Neighbors Question Whether City Got Market Value for Water Bureau Land

Multnomah Village homeowners who want the Portland Water Bureau to cancel the sale of land around a decommissioned water tank are now questioning whether the city got fair market value when it sold the property to infill developer Renaissance Homes last year.

The coalition of neighbors has sent a letter asking the Water Bureau—and City Commissioner Nick Fish, who oversees it—to show them the process the city used to sell the surplus property for $140,000 to the homebuilder.

"They said the whole point of doing it was to get the best deal for the ratepayers," says Chris Lyons, who is organizing the Multnomah Village group called Woods Park Advocates. "But we still don't know how they conducted the sale. We feel like $140,000 is significantly under the fair market value."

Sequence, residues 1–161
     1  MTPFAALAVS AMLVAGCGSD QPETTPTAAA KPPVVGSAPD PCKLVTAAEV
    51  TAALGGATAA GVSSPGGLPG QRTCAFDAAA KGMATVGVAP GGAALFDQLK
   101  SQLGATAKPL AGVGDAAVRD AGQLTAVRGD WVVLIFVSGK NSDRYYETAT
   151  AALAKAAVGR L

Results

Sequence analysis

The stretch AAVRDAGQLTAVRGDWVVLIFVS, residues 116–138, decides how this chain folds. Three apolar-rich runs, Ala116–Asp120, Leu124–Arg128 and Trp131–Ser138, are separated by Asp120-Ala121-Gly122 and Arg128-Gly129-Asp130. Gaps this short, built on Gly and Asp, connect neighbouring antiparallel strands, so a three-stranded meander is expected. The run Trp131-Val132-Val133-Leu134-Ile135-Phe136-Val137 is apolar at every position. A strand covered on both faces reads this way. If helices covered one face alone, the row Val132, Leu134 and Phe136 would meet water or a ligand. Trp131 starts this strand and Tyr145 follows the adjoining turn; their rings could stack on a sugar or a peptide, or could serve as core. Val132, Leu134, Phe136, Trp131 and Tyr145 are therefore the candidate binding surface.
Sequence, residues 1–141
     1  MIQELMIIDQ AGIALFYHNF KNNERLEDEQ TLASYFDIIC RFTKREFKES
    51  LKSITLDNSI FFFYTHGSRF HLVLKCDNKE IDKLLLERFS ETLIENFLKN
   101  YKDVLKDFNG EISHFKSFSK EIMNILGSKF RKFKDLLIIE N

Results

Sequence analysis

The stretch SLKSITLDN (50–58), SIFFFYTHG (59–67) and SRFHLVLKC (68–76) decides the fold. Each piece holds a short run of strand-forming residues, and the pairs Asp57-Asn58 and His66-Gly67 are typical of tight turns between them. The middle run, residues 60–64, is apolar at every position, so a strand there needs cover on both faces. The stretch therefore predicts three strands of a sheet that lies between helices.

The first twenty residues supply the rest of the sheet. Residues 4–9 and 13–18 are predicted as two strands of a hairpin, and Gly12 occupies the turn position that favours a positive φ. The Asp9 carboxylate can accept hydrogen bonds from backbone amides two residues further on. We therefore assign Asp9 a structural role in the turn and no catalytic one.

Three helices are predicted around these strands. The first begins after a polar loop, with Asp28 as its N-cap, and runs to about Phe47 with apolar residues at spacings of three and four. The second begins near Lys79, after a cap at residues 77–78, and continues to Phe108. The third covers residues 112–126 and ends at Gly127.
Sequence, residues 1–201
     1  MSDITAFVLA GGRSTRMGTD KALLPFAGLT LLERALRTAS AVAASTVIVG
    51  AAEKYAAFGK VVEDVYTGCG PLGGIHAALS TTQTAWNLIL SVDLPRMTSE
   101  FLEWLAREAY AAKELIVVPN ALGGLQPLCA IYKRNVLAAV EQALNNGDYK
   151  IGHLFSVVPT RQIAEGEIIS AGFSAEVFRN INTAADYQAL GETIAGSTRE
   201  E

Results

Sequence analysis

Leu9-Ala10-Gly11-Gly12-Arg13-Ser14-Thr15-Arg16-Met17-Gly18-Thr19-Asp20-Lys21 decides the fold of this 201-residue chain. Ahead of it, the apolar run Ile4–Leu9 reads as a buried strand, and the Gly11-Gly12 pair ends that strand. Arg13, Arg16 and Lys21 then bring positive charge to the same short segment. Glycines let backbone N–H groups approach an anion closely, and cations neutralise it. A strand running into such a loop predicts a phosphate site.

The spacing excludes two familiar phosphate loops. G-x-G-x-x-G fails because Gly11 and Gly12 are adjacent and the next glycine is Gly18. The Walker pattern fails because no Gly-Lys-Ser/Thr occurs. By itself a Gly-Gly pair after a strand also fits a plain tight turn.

As WW first reported, Multnomah Village residents are upset the city quietly sold the property on the 8700 block of Southwest 42nd Avenue in an effort to help reduce ballooning water bills. Neighbors say the property is home to wildlife, including more than 20 pileated woodpeckers.

The City cut the price from its assessed value of $240,000 last December because Renaissance agreed to pay for demolishing the old tank. City documents show the land could be subdivided into 2 to 4 lots for single-family homes.

Residents ask if the city ever placed the property on the open market.

"If you were selling a property, would you not let anybody know?" asks Jeremy Solomon, who lives near the water tank. " How would the market know? How would you get a fair price? The didn't put a 'For Sale' sign on it."

Fish sent a letter of response to Woods Park Advocates today, saying the Water Bureau did advertise the property online.

"In this instance, the 2010 Council hearing and 2012 online advertising of the sales constituted public notice," Fish writes. "In the future, I have directed the Water Bureau to take steps to expand public notice, and plan to explore a City-wide policy change that would require broader notice to the affected communities by all bureaus."

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